There are just over 800 colleges that have a women’s golf program. Competition for women’s golf scholarships is stiff, so make sure that you’re doing all of the things that you need to do to make sure you stand out among other women’s golf recruits.
1. Develop a game plan and get evaluated by a third party. Develop a good understanding of NCAA rules and core course requirements. Create a women’s golf recruiting game plan, then execute it with the dedication you bring to your golf practice and your academic work. A trusted third party like NCSA can provide honest answers about your skill level, and help you set realistic goals.
2. Make sure your academic/athletic resume is online. Information about your athletic ability and academic qualifications, verified by a source that college coaches trust like NCSA, should be easily available online. This makes it a lot easier for college women’s golf coaches to “discover” you.
3. Get a video highlighting your skills out there. Create a highlight video that is viewable online or available in a format that can be easily distributed over the web. The video should be roughly five minutes long and show that you have a well-rounded golf game. Try to frame the video so that the flag is in the shot as well. Remember, coaches want to see your swing mechanics.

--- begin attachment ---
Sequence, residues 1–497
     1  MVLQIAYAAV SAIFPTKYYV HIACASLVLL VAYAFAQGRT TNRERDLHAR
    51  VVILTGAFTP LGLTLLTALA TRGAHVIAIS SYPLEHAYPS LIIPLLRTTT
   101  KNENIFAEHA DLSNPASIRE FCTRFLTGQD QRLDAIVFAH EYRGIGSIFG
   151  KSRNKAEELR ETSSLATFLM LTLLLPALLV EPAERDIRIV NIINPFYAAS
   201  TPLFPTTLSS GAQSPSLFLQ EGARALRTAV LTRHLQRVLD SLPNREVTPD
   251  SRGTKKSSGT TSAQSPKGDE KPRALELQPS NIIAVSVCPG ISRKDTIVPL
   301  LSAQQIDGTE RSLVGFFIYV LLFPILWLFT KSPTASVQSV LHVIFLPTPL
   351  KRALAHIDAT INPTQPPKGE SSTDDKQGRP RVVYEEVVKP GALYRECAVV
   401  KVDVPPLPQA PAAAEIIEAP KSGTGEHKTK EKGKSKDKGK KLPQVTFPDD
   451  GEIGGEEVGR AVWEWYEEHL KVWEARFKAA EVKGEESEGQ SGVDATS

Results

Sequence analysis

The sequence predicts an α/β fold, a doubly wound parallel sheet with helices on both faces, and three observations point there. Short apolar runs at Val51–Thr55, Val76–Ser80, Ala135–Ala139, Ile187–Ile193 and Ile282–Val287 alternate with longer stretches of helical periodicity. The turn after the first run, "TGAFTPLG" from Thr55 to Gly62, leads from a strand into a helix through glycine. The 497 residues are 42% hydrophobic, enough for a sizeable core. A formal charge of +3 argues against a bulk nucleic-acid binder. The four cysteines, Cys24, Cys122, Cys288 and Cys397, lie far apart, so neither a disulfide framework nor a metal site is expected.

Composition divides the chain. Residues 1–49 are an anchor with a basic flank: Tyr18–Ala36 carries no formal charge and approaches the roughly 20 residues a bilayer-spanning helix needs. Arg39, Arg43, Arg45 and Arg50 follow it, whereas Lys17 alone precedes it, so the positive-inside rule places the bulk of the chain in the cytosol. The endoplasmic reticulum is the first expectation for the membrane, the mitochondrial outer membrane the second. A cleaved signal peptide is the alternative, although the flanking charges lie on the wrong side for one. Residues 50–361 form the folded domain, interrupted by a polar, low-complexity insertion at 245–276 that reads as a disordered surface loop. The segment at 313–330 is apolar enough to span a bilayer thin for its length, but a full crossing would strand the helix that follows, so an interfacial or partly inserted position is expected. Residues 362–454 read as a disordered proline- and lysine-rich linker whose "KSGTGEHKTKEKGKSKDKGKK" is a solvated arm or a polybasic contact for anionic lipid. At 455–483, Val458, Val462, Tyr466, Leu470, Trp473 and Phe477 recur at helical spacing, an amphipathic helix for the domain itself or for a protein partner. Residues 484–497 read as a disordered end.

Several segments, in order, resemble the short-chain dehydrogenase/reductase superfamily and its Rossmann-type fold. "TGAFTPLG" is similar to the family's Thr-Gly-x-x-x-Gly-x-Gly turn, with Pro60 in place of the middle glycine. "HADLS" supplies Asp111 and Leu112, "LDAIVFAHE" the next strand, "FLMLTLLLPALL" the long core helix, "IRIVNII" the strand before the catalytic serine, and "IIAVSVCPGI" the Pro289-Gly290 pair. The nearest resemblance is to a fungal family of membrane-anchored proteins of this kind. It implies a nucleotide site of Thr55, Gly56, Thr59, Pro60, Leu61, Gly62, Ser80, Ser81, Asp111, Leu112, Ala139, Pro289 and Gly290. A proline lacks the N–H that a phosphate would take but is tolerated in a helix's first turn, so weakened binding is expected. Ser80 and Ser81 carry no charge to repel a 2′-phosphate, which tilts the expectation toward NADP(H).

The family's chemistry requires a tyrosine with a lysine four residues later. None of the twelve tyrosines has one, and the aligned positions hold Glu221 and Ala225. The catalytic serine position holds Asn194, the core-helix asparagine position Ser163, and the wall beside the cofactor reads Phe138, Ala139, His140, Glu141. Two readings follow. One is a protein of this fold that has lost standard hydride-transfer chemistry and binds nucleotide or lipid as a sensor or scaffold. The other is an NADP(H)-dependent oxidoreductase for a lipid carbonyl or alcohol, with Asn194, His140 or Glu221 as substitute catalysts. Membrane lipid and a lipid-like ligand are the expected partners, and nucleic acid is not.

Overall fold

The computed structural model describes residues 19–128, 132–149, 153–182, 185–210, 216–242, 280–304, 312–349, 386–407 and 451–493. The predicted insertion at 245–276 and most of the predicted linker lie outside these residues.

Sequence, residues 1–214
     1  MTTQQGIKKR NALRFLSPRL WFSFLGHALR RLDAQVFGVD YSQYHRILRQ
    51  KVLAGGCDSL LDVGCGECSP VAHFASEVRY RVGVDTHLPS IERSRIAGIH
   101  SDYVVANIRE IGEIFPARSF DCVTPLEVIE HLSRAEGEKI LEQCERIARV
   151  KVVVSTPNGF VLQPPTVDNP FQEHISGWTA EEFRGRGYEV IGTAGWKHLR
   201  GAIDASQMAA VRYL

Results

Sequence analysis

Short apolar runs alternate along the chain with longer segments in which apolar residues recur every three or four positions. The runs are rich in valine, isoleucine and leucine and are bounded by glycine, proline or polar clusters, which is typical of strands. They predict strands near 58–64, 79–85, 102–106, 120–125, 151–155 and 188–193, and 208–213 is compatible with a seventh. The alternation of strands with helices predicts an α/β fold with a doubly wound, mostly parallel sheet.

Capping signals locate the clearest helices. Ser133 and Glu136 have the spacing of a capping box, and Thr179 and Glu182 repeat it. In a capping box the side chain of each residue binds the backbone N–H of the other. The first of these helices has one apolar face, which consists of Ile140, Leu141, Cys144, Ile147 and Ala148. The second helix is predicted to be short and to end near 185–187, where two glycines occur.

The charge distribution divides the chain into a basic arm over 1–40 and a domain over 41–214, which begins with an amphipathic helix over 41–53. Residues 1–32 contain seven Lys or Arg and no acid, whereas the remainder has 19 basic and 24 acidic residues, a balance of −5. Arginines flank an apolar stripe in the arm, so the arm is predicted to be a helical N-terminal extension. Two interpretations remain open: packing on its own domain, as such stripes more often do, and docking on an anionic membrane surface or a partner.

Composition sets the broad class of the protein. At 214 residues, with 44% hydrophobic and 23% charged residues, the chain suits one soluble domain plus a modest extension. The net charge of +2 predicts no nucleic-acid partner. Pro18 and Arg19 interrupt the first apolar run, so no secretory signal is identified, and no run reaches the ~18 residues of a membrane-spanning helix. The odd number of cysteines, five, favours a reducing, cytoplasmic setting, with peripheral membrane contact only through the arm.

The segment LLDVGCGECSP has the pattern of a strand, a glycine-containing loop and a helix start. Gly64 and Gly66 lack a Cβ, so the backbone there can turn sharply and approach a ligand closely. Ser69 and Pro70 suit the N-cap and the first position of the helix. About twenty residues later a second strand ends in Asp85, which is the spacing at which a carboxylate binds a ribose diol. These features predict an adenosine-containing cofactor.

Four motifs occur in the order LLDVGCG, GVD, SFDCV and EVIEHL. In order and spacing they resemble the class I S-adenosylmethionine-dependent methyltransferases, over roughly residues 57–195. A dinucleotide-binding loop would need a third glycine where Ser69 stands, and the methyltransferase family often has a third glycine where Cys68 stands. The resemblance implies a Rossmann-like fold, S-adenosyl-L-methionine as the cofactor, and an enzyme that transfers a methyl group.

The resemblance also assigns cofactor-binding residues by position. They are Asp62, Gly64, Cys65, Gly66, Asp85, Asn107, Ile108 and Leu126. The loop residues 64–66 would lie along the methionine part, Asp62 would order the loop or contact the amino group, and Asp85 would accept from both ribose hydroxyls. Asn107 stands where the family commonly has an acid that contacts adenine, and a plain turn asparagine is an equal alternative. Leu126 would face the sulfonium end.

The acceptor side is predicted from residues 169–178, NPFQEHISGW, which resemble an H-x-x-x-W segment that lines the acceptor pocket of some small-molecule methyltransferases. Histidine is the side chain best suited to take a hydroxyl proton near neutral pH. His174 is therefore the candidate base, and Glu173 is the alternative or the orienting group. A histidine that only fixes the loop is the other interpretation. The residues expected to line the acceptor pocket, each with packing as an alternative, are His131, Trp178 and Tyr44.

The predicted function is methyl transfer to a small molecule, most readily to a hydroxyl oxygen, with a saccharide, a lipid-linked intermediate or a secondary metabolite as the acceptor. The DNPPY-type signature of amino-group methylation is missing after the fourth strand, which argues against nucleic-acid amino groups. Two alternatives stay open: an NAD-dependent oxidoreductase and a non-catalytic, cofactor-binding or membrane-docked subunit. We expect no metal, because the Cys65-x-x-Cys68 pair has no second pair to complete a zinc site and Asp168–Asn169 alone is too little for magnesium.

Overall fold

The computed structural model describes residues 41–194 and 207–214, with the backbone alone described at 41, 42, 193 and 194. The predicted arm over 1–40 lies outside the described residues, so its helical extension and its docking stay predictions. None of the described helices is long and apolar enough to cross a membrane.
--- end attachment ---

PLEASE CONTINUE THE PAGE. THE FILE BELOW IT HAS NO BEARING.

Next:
- Show 10 to 15 repetitions of tee shots.
- Include several highlights of approach shots from distances ranging from 100 o 180 yards.
- Prove that you can hit out of the rough and out of traps.
4. Contact at least 50 realistic women’s golf programs. Realistically look at your academic qualifications and athletic ability and set your recruiting targets accordingly. Division I is a nice goal to have to realize that nearly 70% of women’s college golf programs are at the Division II, Division III, NAIA, or junior college level.
5. Remember that it’s not a four-year decision. It’s a 40-year decision. Selecting a college is one of the most important decisions you will ever make. Do your research to ensure that your choice is a good one both as a recruit for college women’s golf, and as a student.
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